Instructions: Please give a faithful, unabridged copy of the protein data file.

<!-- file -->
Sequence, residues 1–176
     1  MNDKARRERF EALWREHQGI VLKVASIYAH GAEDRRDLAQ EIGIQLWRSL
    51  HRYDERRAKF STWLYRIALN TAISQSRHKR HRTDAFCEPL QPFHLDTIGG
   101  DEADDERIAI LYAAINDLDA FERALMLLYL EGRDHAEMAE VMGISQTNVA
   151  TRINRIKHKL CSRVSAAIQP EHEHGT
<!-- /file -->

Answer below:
Sequence, residues 1–176
     1  MNDKARRERF EALWREHQGI VLKVASIYAH GAEDRRDLAQ EIGIQLWRSL
    51  HRYDERRAKF STWLYRIALN TAISQSRHKR HRTDAFCEPL QPFHLDTIGG
   101  DEADDERIAI LYAAINDLDA FERALMLLYL EGRDHAEMAE VMGISQTNVA
   151  TRINRIKHKL CSRVSAAIQP EHEHGT